The opinion of the court was delivered by: William M. Skretny Chief Judge United States District Court
1. Plaintiff, Grant Farmer, commenced this action on August 13, 2010 by filing a summons and complaint in the New York State Supreme Court, County of Erie. On March 8, 2011, Defendants, Ali Ahmed and Transx, Ltd., filed a Notice of Removal in this Court. Presently before this Court is Farmer's motion to remand. (Docket No. 6.) Farmer argues that Defendants failed to file for removal in a timely fashion.
2. As discussed in this Court's previous Order (Docket No. 15), the parties dispute the date when Defendants received Farmer's N.Y. C.P.L.R. § 3017(c) demand, which controls the time period in which Defendants can file for removal. See 28 U.S.C. § 1446(b); Moltner v. Starbucks Coffee Co., 1624 F.3d 34 (2d Cir. 2010).
3. Because the Second Circuit has found that such a dispute presents a factual issue, see Comrie v. Bronx Lebanon Hosp., 133 F.3d 906, 1998 WL 29643, at *2-*3 (2d Cir. Jan. 27, 1998) (table), this Court requested that the parties appear for an evidentiary hearing or submit a stipulation authorizing this Court to make findings of fact "on the papers." The parties chose to submit the stipulation. (Docket No. 16.) Thus, this Court has authorization from the parties to make findings of fact regarding the limited issue as to when Defendants received the § 3017(c) demand; it will utilize that authorization to resolve Farmer's motion to remand.
4. In his complaint, Farmer alleges that Amhed negligently operated a vehicle while in the employ of Transx Ltd., causing an accident and injuries to Farmer. (Notice of Removal, Complaint; Docket No. 1.) Pursuant to New York State law, the complaint did not contain a demand for particular damages. (Id.); see N.Y. C.P.L.R. § 3017(c). On November 22, 2010, pursuant to the same law, Defendants requested from Farmer a supplemental demand setting forth the total damages to which he believed he was entitled. (Mooney Affidavit, ¶ 8; Docket No. 11); see N.Y. C.P.L.R. § 3017(c). According to Farmer, he responded to that request on December 23, 2010 by mailing his demand for $5,000,000 to Defendants. (See Kling Affidavit, ¶ 2; Docket No. 7-5.) However, Defendants claim that they never received it, and so, on February 3, 2011, sent correspondence to Farmer repeating its request. (Mooney Affidavit, ¶ 9.) The next day, Farmer responded by indicating that he had already conveyed his demand in December, but also included the requested figure again. (Exhibit G, Docket No. 11.) According to Defendants, they finally received the demand on February 7, 2011. They then filed the notice of removal 29 days later, on March 8, 2011. (Docket No. 1.)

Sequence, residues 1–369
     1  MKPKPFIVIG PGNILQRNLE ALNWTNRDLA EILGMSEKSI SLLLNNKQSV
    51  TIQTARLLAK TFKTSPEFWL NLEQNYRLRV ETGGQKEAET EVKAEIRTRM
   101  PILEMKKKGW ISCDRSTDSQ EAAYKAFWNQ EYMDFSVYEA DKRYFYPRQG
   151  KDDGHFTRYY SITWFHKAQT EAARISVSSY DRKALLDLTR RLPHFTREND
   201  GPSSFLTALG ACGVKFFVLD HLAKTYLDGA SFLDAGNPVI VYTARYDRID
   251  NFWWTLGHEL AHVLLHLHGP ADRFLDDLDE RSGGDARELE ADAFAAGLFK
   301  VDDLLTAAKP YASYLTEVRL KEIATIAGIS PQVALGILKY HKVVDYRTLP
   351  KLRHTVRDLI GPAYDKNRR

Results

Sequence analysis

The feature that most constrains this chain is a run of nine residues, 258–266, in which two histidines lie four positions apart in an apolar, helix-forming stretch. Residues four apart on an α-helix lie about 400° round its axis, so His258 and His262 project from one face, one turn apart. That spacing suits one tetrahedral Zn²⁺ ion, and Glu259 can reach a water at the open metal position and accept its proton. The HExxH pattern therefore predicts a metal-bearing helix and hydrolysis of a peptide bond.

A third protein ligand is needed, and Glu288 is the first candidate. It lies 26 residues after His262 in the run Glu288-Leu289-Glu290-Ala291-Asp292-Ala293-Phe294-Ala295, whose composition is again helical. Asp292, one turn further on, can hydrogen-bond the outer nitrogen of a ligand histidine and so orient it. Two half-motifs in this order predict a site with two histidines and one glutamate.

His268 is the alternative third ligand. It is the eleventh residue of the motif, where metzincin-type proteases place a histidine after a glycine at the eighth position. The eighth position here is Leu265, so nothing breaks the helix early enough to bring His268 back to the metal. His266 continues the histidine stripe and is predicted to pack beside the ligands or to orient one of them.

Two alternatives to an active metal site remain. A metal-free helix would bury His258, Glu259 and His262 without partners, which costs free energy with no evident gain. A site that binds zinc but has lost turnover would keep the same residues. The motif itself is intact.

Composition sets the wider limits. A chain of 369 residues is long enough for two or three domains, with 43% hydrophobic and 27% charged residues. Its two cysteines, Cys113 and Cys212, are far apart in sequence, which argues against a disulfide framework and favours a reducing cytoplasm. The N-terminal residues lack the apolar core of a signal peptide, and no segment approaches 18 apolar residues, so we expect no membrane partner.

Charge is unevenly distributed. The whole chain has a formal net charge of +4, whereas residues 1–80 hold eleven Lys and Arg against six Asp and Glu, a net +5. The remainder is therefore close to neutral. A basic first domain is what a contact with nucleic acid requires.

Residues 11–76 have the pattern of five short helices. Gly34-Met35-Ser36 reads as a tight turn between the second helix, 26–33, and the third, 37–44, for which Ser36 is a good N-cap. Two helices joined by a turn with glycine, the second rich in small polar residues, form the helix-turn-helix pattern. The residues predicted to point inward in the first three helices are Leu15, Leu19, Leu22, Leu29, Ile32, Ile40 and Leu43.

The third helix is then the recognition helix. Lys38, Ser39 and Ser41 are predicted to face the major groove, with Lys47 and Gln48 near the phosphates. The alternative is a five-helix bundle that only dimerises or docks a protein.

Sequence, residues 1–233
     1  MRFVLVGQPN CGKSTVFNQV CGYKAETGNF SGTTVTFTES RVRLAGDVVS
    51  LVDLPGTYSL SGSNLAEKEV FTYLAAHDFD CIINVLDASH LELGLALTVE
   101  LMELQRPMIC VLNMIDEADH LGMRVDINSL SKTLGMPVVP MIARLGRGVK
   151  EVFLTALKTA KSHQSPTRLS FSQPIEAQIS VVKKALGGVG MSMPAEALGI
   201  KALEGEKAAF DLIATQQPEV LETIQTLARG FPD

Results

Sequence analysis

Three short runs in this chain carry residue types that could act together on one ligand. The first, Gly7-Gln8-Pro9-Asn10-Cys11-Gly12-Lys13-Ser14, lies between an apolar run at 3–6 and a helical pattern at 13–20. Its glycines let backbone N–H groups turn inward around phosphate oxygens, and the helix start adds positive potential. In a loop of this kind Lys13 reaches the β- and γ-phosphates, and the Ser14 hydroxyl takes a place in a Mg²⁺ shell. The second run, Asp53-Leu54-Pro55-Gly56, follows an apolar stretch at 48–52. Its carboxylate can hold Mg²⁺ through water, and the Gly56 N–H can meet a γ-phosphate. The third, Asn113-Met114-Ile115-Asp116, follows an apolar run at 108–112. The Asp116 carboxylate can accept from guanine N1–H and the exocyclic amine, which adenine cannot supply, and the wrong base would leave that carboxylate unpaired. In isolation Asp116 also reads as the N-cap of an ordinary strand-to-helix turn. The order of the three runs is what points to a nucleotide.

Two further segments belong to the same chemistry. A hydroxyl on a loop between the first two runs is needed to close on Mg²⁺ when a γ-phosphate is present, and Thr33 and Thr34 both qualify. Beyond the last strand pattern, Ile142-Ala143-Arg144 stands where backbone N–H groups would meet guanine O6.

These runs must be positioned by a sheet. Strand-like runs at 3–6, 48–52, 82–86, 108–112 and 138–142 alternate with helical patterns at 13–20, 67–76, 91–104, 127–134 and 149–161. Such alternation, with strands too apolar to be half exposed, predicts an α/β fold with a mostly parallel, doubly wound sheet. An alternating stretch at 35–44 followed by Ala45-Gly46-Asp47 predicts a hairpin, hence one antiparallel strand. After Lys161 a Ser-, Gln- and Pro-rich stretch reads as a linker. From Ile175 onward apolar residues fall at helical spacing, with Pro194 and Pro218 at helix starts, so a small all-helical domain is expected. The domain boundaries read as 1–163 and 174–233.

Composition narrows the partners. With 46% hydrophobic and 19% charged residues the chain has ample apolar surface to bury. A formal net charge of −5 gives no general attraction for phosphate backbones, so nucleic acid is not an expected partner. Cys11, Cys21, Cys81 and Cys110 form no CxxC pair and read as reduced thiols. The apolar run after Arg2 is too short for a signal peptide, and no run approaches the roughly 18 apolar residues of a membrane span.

5. As explained in this Court's previous Order, the only issue remaining is whether, pursuant to Sherlock v. Montefiore Medical Center, 84 F.3d 522, 525 (2d Cir.1996) and Fed. R. Civ. P. 6(e), Defendants should be presumed to have received the demand on December 26, 2010, three days after Farmer claimed to have mailed it, or whether Defendants have offered sufficient proof to overcome that presumption and demonstrate that they received it on February 7, 2011. (See Order, ¶ 4.) If it is the former, the notice of removal is untimely and Farmer's motion must be granted. If it is the latter, the removal is timely and the motion must be denied.
6. This Court finds that the presumption that Defendants received the demand-notice three days after it was mailed has been adequately rebutted, and finds that Defendants did not actually receive the demand until February 7, 2011. See Sherlock, 84 F.3d at 526 (presumption that a letter duly mailed is received three days later is not irrebuttable and may be refuted by affidavit).
7. Sheri Mooney, Defendants' counsel, submits an affidavit swearing that neither she, nor anyone else at her law firm, received the demand-notice until February 7, 2011. (Mooney Affidavit, ¶¶ 17,18.) This Court finds that statement credible because it is supported by the circumstances of the case: Mooney's February 3, 2011 letter to Bradley Marble, Farmer's counsel, requests that he "kindly respond to our outstanding request" (emphasis added). Thus, before this dispute ever arose, Mooney indicated that she did not receive the demand-notice mailed in December. While this Court has no reason to disbelieve Marble, who swears that he sent the demand-notice on December 23, 2010, this Court is cognizant of the fact that mailings can be lost and misplaced. Further, there is no evidence that Mooney's letter, which was sent at a time when she had no motive to lie, was crafted to deceive this Court to her benefit in a future dispute.
8. Consequently, the notice of removal was timely because Defendants received the demand-notice on February 7, 2011 and filed their notice of removal 29 days later, on March 8, 2011. See 28 U.S.C. § 1446(b) ("[A] notice of removal may be filed within 30 days after receipt by the defendant . . . of a [paper] from which it may first be ascertained that the case is one which is or has become removable."). Therefore, Farmer's motion to remand is denied.
9. Such a finding, of course, should not be read to set a precedent that defense counsel can delay the start of the 28 U.S.C. § 1446(b) clock by claiming that a demand-notice was not received. This factual finding is limited to the circumstances of this case and judicial intervention in such matters should be avoided, if possible. Indeed, if Farmer employed certified mail or personal service, this issue would never have emerged.
IT HEREBY IS ORDERED, that Farmer's Motion to Remand to State Court (Docket No. 6) is DENIED.